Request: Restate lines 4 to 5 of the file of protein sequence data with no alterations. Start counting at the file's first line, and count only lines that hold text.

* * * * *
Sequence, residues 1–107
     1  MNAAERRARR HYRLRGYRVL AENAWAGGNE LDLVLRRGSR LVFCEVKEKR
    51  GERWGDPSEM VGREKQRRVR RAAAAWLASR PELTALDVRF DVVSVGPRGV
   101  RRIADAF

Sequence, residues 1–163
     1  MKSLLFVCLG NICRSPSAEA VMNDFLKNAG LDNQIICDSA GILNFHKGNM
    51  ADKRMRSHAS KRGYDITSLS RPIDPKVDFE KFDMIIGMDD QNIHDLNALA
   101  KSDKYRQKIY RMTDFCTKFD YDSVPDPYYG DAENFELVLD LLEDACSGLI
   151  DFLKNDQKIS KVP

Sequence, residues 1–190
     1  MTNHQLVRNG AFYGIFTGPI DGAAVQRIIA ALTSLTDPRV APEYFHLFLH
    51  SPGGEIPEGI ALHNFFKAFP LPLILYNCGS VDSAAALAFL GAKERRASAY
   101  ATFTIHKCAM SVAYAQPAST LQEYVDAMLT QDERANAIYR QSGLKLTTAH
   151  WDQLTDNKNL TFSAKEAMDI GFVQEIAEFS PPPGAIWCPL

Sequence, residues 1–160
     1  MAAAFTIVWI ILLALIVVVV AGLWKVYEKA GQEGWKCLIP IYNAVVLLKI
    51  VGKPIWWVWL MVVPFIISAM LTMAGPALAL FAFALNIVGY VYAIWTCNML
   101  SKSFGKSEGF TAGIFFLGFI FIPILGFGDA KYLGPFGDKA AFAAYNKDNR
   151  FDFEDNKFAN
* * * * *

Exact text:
   101  RRIADAF

Sequence, residues 1–163